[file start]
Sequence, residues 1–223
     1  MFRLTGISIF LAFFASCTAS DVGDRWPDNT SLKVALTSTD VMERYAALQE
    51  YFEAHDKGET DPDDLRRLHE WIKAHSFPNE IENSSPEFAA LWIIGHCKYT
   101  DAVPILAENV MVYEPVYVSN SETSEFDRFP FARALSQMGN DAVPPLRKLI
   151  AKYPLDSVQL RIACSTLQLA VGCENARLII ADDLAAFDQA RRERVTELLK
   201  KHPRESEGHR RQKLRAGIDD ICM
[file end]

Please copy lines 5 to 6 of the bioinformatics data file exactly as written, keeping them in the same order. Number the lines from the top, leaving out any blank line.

   151  AKYPLDSVQL RIACSTLQLA VGCENARLII ADDLAAFDQA RRERVTELLK
   201  KHPRESEGHR RQKLRAGIDD ICM